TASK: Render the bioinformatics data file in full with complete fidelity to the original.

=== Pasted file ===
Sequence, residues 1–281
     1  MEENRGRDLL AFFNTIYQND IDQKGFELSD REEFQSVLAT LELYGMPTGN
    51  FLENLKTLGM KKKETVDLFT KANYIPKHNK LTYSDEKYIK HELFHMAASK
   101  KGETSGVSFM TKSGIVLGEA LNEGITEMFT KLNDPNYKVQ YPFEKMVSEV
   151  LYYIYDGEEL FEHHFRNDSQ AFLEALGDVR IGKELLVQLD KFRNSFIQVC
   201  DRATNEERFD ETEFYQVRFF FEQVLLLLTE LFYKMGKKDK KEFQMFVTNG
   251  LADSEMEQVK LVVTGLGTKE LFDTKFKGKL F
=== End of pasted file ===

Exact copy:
Sequence, residues 1–281
     1  MEENRGRDLL AFFNTIYQND IDQKGFELSD REEFQSVLAT LELYGMPTGN
    51  FLENLKTLGM KKKETVDLFT KANYIPKHNK LTYSDEKYIK HELFHMAASK
   101  KGETSGVSFM TKSGIVLGEA LNEGITEMFT KLNDPNYKVQ YPFEKMVSEV
   151  LYYIYDGEEL FEHHFRNDSQ AFLEALGDVR IGKELLVQLD KFRNSFIQVC
   201  DRATNEERFD ETEFYQVRFF FEQVLLLLTE LFYKMGKKDK KEFQMFVTNG
   251  LADSEMEQVK LVVTGLGTKE LFDTKFKGKL F